In working toward these goals, there should be a basic acceptance of the reality that these institutions inevitably breed stress and cynicism. They also often become the employer of last resort in the health professions, a handful of idealists notwithstanding. The most effective – maybe the only – strategy for achieving an acceptable level of care is some form of “affiliation” agreement with a reputable health care system, preferably a teaching hospital system. That arrangement ensures high-quality staff, the maintenance of standards and rotations that avoid the onset of cynicism.

Another absolutely essential component is the presence of a high-quality “re-entry” program, one with a Milwaukee base. The most successful of these groups make contact months before release. They provide immediate housing, employment, health and – critically important – behavioral health services, and support for family reunification and resolving outstanding legal problems. In Milwaukee, they could play a valuable and visible role in housing deconstruction, moving away from a landfill-based economy and greening the city.

A brief case study, a true story that captures the value of this approach. Joe’s (not his real name) former parole officer was shocked to learn that he was still enrolled in the re-entry program two years after release. He pointed Joe, aside from prison, had never been in any place in his life for more than two years. Despite Joe’s many “quirks” and repeated short-term suspensions, this group had stuck with him, providing the full range of services just described.

Flash forward 10 years: Joe is now married and has worked steadily for the past eight years, a taxpayer. Consider the alternative: the pattern of repeated re-incarcerations costing the state millions of dollars, and resulting in repeated community disruptions and a wasted life.

In the end, it is all about an achievable vision of a better future for individuals and communities, a clear strategy and, critically, solid execution: the right people in the right roles, systems and processes that work, effective and clear communications and clarity on two core values, humanity and trust. It is doable. We know that because it is being done.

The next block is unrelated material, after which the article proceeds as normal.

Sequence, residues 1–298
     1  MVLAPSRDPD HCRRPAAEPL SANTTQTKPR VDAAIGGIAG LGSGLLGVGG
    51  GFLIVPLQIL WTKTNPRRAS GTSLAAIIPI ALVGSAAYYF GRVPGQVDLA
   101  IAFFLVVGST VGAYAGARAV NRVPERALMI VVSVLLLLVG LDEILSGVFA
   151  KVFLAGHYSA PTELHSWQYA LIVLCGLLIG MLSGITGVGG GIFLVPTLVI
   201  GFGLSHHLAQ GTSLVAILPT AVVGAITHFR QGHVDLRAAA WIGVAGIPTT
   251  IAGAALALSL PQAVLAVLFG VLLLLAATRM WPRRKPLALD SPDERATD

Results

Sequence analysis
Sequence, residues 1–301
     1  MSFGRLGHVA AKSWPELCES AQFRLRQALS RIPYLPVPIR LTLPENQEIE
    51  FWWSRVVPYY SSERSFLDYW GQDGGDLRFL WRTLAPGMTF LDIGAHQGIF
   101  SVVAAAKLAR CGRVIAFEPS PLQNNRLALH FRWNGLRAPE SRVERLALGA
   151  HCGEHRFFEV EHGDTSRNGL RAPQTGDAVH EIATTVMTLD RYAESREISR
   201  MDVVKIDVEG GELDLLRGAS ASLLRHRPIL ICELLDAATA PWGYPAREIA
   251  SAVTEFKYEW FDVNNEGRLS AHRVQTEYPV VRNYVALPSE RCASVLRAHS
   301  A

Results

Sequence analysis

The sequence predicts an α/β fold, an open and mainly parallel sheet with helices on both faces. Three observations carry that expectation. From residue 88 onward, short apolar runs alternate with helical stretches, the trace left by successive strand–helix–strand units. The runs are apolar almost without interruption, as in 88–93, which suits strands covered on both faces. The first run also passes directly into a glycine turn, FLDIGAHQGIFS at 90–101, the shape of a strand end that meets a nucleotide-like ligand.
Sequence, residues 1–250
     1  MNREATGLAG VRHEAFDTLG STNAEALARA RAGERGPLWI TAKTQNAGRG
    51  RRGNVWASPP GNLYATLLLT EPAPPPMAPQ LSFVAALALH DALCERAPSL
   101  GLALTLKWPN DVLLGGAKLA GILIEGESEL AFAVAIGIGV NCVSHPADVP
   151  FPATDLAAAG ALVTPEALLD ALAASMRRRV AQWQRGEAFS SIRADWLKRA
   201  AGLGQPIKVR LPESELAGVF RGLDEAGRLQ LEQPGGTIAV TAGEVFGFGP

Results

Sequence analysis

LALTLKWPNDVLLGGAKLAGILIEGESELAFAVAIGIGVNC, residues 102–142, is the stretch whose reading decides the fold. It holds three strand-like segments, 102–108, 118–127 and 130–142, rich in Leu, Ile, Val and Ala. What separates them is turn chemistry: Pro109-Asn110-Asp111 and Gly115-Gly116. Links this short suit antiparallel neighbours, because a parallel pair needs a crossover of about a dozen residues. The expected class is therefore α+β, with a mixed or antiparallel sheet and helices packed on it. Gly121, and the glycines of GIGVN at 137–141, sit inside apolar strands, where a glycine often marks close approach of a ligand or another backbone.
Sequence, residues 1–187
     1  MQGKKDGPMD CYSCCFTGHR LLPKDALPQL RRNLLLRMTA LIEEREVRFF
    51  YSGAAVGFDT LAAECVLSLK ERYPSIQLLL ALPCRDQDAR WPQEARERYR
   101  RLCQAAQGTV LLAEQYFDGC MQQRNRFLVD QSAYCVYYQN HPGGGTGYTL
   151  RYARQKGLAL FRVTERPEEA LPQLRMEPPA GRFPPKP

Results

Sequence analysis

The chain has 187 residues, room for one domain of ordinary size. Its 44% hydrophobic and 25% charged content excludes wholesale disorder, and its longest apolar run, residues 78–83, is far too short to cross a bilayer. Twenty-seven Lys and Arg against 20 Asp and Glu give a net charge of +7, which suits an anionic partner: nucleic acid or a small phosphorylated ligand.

Frank Schneiger is founder and president of Frank Schneiger and Associates, a management planning and consulting firm, and has held top government positions for both the city of New York and the Commonwealth of Massachusetts.

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Categories: Op-Ed, Public Safety

One thought on “Op Ed: A Solution To Milwaukee and Wisconsin’s Prison Crisis”

  1. ZeeManMke says:

    How about fully funding the State Public Defender? How about choosing a new State Public Defender that is not a defeatist who cultivated a “losers” attitude by allowing repeated attacks on the private attorneys that are appointed to take the cases the Public Defender cannot? On one side we have fully funded DAs, judges who might as well be on the DAs team, and the entire police department to investigate and testify in criminal cases.

    On the other side, we have the little boy from “Oliver” (the SPD) who says “May I have another bowl of gruel, sir?” That recent “deal” you heard about? It results in even fewer Assistant Public Defenders while the DAs offices around the state grow and grow. Crime certainly needs to be dealt with. But when the deck is stacked against criminal defendants, their attorneys are stretched too thin, they lack the investigative resources of the police, and judges favor DAs, far too many people are convicted who should not be. Many people in our state, who have never been convicted of anything, sit in jails for weeks and months because the Public Defender cannot find attorneys interested in taking on those cases. That is unconscionable and intentional. No other state in the midwest locks up as much of its population as Wisconsin.